DI water has had the charged atoms and molecules (ions) removed. That says nothing about neutral molecules, some of which could be toxic. Distilled water has been evaporated and condensed, so all impurities are removed. Whether DI water is safe to drink depends on what was in the water before the ions were removed. I worked in a lab that used DI water for cooling electrical equipment and electromagnets. It also had biocides added to inhibit the growth of living things. It would definitely have been dangerous to drink it. The warning on your bottle may simply be a CYA statement put on by a lawyer, or it may reflect the fact that there is stuff in there that you shouldn't put in your body. Unless you are sure of the source I wouldn't take any chances.

Distilled water is in high demand and short supply right now, with people's CPAP machines being one driver of that. I usually mix my StarSan with distilled water because it lasts a lot longer than if I make it with my tap water, but the grocery store rarely has any these days.
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Offline Don

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Re: Water chemistry and safety
« Reply #6 on: March 17, 2022, 03:35:16 pm »
Do you have the Glacier r.o. water machines near you? That's what I've been using, just add salts and you're ready to go...

Offline fredthecat

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Re: Water chemistry and safety
« Reply #7 on: March 17, 2022, 04:02:42 pm »
Hey everyone,

I am a beginner home brewer and decided to go with distilled water from now on so i can add salts myself for a more consistent result.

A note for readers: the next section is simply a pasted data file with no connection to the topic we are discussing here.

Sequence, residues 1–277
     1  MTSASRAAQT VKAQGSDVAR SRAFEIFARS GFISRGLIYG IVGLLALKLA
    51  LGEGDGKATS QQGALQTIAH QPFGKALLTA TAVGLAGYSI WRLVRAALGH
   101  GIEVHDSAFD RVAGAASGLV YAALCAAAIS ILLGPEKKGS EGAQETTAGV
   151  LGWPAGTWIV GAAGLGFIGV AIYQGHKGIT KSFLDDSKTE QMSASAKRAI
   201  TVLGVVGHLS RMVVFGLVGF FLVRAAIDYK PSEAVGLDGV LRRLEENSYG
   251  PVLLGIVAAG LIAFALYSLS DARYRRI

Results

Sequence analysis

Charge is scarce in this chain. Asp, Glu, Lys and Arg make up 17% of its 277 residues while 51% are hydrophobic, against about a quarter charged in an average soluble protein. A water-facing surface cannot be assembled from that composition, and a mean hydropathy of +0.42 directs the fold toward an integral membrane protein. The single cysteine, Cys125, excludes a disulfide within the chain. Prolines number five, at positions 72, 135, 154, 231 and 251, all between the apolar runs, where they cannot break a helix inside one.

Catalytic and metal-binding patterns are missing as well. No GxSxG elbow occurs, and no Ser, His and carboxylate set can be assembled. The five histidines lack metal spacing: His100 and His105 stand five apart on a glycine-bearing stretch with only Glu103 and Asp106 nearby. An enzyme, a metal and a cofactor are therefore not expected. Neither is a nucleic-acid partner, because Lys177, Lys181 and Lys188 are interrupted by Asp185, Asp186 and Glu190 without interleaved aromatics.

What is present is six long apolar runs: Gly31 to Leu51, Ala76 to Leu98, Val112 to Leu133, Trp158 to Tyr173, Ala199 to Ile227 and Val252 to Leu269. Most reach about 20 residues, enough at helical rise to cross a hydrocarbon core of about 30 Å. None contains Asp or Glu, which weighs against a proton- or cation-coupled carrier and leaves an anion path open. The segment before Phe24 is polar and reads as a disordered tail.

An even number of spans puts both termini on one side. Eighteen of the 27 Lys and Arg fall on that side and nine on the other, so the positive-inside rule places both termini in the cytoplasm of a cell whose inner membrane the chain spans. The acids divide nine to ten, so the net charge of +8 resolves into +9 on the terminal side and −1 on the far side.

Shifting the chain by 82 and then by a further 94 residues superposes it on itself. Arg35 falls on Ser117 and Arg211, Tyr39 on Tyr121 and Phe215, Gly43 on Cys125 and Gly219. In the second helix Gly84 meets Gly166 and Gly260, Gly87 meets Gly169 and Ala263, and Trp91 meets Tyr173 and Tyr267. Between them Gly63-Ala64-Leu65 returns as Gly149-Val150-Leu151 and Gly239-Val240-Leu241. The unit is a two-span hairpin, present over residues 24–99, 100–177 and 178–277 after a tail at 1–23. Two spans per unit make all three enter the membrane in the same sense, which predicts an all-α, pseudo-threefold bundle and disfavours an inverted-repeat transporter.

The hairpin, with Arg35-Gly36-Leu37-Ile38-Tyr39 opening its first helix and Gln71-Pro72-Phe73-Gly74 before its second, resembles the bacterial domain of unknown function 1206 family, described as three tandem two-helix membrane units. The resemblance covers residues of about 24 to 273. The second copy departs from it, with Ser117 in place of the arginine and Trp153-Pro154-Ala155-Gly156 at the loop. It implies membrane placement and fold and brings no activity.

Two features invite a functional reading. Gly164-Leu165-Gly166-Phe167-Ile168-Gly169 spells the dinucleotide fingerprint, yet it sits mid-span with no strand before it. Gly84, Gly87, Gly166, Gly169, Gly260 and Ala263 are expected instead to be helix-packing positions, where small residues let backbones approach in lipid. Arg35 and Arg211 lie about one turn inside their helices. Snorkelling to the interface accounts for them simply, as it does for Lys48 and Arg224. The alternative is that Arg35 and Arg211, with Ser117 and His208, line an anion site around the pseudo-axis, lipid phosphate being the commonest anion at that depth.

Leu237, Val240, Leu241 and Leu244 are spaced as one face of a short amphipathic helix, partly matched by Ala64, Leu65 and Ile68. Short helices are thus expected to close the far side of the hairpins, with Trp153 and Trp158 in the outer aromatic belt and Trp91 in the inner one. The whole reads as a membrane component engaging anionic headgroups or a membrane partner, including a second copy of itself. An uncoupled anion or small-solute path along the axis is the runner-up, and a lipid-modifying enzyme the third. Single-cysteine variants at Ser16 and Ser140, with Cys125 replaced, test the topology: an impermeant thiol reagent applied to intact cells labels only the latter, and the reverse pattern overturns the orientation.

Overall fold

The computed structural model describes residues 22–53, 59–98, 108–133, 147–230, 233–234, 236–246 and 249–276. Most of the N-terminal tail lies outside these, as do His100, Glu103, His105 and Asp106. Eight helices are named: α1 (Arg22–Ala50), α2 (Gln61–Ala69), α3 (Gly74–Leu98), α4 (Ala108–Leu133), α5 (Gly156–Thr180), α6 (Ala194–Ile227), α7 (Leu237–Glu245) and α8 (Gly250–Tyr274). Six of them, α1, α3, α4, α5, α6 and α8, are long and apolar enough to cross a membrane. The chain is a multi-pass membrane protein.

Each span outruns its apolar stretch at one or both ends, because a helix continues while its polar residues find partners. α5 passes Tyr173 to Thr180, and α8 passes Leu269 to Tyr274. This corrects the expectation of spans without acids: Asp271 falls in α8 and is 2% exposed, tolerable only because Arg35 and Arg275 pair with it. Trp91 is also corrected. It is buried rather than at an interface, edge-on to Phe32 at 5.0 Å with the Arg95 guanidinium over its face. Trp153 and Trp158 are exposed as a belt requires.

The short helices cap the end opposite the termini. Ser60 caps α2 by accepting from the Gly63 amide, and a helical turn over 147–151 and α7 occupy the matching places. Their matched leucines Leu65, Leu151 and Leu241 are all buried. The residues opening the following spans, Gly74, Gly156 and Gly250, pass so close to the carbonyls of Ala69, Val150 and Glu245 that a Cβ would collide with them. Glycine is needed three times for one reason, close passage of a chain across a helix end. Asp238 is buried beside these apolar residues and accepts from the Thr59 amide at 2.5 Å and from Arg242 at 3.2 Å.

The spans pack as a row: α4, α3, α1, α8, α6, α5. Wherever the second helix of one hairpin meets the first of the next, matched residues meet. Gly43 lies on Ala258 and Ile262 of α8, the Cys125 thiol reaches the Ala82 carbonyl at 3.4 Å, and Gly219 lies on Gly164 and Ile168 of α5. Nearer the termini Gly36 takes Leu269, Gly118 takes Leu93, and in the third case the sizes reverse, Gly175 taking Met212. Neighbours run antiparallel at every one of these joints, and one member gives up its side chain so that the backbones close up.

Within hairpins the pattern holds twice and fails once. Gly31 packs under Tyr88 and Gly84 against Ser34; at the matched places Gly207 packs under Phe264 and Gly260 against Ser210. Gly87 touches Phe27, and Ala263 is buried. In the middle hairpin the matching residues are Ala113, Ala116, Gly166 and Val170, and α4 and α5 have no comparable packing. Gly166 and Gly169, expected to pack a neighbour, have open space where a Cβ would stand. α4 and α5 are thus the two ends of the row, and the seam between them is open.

However, i can only find deionised water in my area which is "not safe to drink". The question is: Are all those dangerous bacteria killed through the process of boiling the wort and beermanking in general? Is it actually safe to drink beer made with DI water?

From what i have read through the forum it seems like the answer is yes, but i just want to make sure it is before going ahead and trying this method on my next batch.

Thanks in advance.


check with your city or county water service (if you have one i guess) and ask for a water report, they will give it and it should be free. i phoned mine and chatted with him to make sure it was definitely the water i was getting at my house. i feel confident with the mineral concentrations amounts i'm going with now as i brew and it's much cheaper and easier to get it out of the tap. i let mine sit for 24 hours with half a crushed campden tab added to it (these actions remove the chlorine) before using it to mash.

others have elaborated on the DI water. as they've said, you should likely be able to find spring water or distilled water if you really don't want to use tap water.

i've never seen DI water for sale. Where are you located?

Offline Village Taphouse

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Re: Water chemistry and safety
« Reply #8 on: March 17, 2022, 04:30:10 pm »
Do you have the Glacier r.o. water machines near you? That's what I've been using, just add salts and you're ready to go...